In 2013, shoppers returned a record-high $267 billion in holiday gifts according to one study. Here's how to make things easier on yourself in 2014.
SAN DIEGO, December 25, 2014 – It may be Christmas today, but it’s Black Friday, Round two tomorrow, December 26. That’s the day the avalanche of Christmas returns and exchanges will descend on hapless retailers nationwide.
And who knows? Although we don’t have any hard statistics, it might be CyberExchange Day as well for equally hapless e-tailers.
Perhaps some of you are confronting that age-old dilemma yourselves. Maybe that Snuggie is an unflattering color, or the lovely figurine from Aunt Wilma doesn’t match your décor. Or perhaps it’s unlikely you’ll ever use that electric garlic press gifted to you by your eccentric brother-in-law.
More problematic is the issue of flat our fraudulent returns. According to NRF’s Return Fraud survey, NRF estimates retailers may have lost as much as $9.1 billion in 2013 due to return fraud during the holiday season.
While some retailers make return policies more lenient during the holiday season, “many retailers have also begun to change their return policies to account for an increase in return fraud,” NRF notes in its 2013 report. Word to the wise: if you have something to return this year, check out a retailer’s return policy before you embark on your 2014 return quest.
What gifts are being returned most often? According to one poll conducted by MarketTools and an earlier one by the department store chain Kohl’s, clothing and shoes make up an expected 62 percent of all returns. Items returned include:
- Clothing and shoes: 62%.
- Toys, games and hobbies: 16%.
- Consumer electronics: 14%.
- Kitchen and bath: 13%.
- Beauty and cosmetics: 10%.
- Jewelry and watches: 10%.
It’s likely you’re going to have a lot of company while you stand in long lines, waiting for a frazzled clerk who feels like she is on the treadmill from Hell and you are just one more crazy person there to make her life difficult.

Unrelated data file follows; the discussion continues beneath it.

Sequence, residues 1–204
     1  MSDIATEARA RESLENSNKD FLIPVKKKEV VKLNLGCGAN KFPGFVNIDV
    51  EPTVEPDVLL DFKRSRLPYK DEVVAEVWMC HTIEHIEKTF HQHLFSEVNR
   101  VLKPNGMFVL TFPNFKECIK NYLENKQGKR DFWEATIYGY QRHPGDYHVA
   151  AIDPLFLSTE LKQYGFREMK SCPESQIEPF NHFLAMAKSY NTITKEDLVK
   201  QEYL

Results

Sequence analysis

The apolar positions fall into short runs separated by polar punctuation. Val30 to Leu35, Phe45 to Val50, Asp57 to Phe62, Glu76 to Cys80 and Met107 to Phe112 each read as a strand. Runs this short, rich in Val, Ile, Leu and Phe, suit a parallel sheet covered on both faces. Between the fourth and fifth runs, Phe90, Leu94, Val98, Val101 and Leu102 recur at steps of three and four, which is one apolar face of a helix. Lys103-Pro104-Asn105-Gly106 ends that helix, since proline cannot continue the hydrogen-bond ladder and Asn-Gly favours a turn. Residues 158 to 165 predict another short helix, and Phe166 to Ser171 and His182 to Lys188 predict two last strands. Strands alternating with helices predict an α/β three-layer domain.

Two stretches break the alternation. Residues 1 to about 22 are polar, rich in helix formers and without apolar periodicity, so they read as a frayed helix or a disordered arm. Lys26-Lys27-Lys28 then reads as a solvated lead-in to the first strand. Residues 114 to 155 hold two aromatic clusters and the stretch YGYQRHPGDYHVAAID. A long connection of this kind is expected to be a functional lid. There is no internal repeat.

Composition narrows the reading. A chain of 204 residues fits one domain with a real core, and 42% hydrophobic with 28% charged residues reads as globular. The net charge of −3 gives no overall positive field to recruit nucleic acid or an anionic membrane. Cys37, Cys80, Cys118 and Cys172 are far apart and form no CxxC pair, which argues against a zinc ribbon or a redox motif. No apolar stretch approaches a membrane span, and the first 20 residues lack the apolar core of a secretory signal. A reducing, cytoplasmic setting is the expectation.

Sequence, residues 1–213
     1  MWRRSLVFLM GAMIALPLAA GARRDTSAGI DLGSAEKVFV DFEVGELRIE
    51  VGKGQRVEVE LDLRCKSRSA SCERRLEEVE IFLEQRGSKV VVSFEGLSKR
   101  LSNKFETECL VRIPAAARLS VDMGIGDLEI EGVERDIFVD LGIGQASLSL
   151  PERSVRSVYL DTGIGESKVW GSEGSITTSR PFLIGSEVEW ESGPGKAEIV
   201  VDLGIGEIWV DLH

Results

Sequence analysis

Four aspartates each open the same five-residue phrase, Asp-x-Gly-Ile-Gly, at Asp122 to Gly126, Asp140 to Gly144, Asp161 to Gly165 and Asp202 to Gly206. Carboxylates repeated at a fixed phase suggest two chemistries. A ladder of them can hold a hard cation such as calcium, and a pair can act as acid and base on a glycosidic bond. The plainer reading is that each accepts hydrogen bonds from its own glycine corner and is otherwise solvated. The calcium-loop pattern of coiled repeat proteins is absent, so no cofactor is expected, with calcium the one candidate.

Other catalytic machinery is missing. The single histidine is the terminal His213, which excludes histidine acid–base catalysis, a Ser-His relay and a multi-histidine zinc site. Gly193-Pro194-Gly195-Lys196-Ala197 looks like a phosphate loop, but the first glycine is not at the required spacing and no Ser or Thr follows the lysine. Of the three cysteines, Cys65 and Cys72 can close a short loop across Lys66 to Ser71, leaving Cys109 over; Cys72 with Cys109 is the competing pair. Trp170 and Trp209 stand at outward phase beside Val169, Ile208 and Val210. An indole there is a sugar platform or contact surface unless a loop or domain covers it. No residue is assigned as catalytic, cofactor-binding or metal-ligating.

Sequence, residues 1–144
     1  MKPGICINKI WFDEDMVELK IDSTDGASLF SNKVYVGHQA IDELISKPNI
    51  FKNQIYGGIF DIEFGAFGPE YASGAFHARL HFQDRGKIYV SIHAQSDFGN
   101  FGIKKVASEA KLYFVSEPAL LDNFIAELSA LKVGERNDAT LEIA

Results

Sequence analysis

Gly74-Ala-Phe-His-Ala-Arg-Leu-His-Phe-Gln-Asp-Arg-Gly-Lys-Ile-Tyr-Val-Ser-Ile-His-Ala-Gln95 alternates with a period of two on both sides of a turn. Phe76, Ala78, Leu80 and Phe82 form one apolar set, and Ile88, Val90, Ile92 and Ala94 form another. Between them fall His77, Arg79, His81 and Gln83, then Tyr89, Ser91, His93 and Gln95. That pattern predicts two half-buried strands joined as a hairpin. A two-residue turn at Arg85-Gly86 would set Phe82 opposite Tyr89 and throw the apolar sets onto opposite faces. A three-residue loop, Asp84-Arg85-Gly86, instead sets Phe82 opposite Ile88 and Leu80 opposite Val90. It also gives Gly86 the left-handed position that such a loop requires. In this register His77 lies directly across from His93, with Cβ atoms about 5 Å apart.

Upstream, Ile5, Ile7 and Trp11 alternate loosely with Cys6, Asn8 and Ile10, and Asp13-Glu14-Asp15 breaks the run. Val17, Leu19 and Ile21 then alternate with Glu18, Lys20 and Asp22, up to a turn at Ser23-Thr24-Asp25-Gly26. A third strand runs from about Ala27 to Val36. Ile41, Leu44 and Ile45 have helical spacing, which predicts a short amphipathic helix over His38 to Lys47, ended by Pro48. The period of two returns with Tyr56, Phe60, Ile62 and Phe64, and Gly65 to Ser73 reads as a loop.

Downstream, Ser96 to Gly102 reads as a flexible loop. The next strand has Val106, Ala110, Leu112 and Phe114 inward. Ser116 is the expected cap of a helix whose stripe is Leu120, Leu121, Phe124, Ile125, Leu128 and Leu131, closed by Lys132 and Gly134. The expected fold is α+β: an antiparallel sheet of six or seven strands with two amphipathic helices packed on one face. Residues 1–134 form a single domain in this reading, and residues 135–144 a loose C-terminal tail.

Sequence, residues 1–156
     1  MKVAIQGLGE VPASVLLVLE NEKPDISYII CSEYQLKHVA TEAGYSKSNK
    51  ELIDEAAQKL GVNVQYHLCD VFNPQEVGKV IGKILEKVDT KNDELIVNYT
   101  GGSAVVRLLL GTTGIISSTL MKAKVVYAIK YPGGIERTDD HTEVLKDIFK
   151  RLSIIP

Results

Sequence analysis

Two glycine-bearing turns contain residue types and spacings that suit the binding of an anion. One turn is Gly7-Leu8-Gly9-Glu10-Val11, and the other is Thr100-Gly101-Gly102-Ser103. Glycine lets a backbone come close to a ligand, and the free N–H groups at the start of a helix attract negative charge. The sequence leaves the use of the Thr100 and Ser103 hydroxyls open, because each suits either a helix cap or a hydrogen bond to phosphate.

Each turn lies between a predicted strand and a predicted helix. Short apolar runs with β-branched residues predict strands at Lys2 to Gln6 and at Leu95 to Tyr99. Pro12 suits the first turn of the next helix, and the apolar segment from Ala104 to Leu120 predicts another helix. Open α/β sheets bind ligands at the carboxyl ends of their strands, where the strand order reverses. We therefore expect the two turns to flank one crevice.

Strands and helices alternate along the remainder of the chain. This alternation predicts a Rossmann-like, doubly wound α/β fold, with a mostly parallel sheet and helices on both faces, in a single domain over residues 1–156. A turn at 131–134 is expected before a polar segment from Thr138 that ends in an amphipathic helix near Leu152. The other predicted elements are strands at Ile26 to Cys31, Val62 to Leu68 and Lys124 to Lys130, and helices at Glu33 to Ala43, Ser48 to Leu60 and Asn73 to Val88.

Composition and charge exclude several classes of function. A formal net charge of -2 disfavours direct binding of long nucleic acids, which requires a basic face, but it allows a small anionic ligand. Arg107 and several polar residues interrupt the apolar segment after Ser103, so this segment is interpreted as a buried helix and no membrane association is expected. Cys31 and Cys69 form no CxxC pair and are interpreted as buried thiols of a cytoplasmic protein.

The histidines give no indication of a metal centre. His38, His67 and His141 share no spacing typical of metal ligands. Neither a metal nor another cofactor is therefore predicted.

This former mens’ clothing saleswoman and veteran shopper knows the bad behavior and unrealistic expectation of shoppers knows no limits. Do yourself, hard-working retail personnel, and everyone’s nerves a favor and follow this checklist to help you have many happy returns.
1. Know where the gift came from.
The silver necklace in the Tiffany’s box might have come from Target. Don’t assume the item comes from the same place stamped on the gift box. Many of us recycle boxes. Other people try to impress you with a fancy name. You need to ask the gift giver if there isn’t a tag identifying the original seller of the item. And givers, PLEASE be honest, or your recipient will end up finding out the truth in a much more embarrassing and frustrating way.
2. Know the seller’s return policy.
Do you have to return the gift within a certain amount of time? Most retailers extend the return period after Christmas but the majority don’t allow returns forever. Is a receipt always required? Will you get cash, store credit, or a mailed refund?
3. Have a receipt.
Gift givers, please be thoughtful and keep your receipts handy to provide your recipients. Many retailers offer gift receipts, which are duplicate copies without a price printed on them. If you don’t have a receipt, see #1.
4. Check whether there are restocking fees.